Heritage

The Antwerp Diamond Heritage

Since 1447, Antwerp has been synonymous with quality diamonds and superior craftsmanship. Already then, the world's leading diamond centre secured a well regulated market that won the absolute confidence of traders and consumers.

The Antwerp Diamond Heritage reveals the creative dynamism behind the diamond industry; unravelling the mysteries and beauty of the diamond, all of which has the makings of a compelling story.

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The Rise of Antwerp

The Rise of Antwerp

Thanks to its harbour, Antwerp was a place of unlimited opportunity. The diamond industry, established in the 15th century expanded considerably due to strong commercial relations with its neighbours. The Antwerp World Diamond Centre was born!

A Living Testament

The very first document concerning the Antwerp diamond trade is the decree against the sale of false stones of 1447 an official warning that "no one within the city of Antwerp was to buy, sell, pawn or pass on any false stones imitating diamonds, rubies, emerald or sapphires, ..."

Already in that time, Antwerp had secured a well regulated market which won the absolute confidence of diamond traders and consumers.

A Living Testament
Crafting the Master Cut

Crafting the Master Cut

Lodewijck van Bercken, a mid-15th century diamond polisher, was said to have discovered the process of working one diamond with the aid of another and was thus credited with the invention of polishing.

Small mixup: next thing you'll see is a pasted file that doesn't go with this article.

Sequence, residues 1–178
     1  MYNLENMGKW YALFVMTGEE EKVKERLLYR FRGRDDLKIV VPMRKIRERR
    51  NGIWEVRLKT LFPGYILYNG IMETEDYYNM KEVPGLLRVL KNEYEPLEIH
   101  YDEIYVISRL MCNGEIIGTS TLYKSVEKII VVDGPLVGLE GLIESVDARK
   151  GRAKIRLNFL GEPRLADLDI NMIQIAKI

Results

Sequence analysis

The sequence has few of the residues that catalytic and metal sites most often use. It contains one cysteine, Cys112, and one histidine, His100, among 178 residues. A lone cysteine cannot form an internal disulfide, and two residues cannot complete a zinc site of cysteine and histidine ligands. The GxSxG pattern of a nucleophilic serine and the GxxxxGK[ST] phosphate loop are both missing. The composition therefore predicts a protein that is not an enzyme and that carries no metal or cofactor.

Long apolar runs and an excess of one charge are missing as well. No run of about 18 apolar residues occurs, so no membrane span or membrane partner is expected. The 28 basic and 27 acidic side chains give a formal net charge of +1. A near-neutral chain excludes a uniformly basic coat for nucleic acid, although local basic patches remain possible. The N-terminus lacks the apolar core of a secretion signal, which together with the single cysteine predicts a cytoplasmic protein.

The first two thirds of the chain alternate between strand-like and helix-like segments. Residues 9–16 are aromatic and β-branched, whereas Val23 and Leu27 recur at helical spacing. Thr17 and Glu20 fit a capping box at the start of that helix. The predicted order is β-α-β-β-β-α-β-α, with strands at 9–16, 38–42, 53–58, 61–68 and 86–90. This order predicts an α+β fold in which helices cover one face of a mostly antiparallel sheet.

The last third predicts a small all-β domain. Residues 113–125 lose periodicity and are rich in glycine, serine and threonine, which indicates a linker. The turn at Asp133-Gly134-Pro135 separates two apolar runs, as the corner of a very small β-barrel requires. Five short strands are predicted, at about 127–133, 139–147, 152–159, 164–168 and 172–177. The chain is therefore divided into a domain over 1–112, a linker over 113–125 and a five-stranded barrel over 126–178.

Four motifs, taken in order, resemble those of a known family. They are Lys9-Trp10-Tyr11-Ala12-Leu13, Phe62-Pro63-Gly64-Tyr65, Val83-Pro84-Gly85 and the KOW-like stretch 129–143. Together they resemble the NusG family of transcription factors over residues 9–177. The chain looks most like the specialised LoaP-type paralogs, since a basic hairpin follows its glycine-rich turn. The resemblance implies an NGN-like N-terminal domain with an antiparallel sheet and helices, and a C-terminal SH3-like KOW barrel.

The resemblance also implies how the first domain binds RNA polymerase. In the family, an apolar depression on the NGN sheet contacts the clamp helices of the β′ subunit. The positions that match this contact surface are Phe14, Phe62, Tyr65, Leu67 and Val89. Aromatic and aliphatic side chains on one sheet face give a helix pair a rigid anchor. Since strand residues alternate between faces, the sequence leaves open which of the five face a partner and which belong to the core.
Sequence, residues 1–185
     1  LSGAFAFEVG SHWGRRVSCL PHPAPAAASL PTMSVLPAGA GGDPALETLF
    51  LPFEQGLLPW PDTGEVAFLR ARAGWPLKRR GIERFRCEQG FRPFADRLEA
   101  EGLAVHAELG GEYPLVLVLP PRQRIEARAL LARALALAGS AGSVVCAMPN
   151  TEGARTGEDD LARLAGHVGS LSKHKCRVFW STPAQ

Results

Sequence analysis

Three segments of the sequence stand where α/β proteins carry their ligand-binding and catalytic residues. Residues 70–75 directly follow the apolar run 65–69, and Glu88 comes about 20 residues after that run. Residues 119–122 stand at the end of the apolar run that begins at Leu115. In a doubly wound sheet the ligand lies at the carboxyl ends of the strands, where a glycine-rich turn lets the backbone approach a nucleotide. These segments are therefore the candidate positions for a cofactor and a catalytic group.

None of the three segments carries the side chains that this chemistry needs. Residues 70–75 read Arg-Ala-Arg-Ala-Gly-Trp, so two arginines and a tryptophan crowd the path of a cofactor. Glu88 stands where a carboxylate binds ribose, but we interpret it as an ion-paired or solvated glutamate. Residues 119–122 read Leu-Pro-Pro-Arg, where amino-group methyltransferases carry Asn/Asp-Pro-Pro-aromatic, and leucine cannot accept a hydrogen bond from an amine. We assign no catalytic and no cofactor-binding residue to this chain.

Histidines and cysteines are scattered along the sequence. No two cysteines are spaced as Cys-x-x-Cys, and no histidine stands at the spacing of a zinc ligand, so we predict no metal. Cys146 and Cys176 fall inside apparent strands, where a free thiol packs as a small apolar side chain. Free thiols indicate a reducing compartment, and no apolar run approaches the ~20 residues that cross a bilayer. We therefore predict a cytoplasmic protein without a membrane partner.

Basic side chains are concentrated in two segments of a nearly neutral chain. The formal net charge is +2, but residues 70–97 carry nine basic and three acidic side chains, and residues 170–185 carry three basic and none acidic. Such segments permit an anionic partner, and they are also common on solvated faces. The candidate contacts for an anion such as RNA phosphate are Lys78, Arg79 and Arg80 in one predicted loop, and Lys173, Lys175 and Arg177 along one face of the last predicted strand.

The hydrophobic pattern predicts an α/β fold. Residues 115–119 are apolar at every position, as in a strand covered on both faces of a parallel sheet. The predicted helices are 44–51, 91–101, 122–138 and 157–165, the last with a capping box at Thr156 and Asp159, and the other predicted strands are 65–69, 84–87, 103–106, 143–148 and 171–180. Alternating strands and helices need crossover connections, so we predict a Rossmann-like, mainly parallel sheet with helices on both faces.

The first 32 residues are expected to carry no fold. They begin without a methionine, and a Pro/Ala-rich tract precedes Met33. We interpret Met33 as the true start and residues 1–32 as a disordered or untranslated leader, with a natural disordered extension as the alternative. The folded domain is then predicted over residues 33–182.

He was instructed by Charles the Bold to work three diamonds: the first was the famous Sancy, worn by the Sovereign. The second, a brilliant invented for Pope Sixtus IV and the third, a triangular diamond mounted in a ring that was later presented as a token of appreciation to the French King, Louis XI.

Antwerp World Diamond Centre

With a booming trade in the diamond industry, masters hailed from all parts of Europe to learn the fine art of polishing in Antwerp. It soon became clear to the diamond processors that there had to be a quality control in order to guarantee its high standard of diamond polishing.

This decree successfully implemented in 1585, dictated that everyone who polishes diamonds had to swear and promise to abide by all rules of the flourishing diamond trade:

"I hereby swear from now on I shall be faithful and obedient to the Superintendents and Seniro members of the Guild I shall respect the privileges Ordinances."

Thus, consumer confidence was already a top priority in the 16th century in Antwerp.

Antwerp World Diamond Centre
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Rubens & Diamonds

Rubens & Diamonds

Antwerp inspires. This prosperous city has in the past decades produced many of world's most famous old masters, such as Rubens, Van Dyck, Jordaens and many more.

Rubens had also a lifelong affair with diamonds. His treasure trove of diamonds suggested that he had more than a passing interest in all that glitters.

Some of his private collection of diamonds and precious stones were worn by his second wife, Helene Fourment on her wedding day in 1630.

The Art of Polishing

As technology progressed, the diamond polishing techniques evolved.

An example of an Antwerp polishing workshop around mid-17th century depicts a hand cutter rubbing two diamonds against each other while the polisher stands near the scaif and applies oil to his brush. A third worker operates the mill.

These 17th century techniques used in the Antwerp workshops still form the basis of today's diamond polishing factories.

The Art of Polishing
Mastering the Craft

Mastering the Craft

By the end of the 18th century, Antwerp enjoyed great fame as a polishing centre.

This magnificent gilt silver monstrance set with diamonds and rock crystal is a fine witness of the exquisite craftsmanship of Antwerp diamond polishers in the 18th century.

The monstrance was ordered by a church warden from Spain who had the diamonds polished and set in Antwerp.

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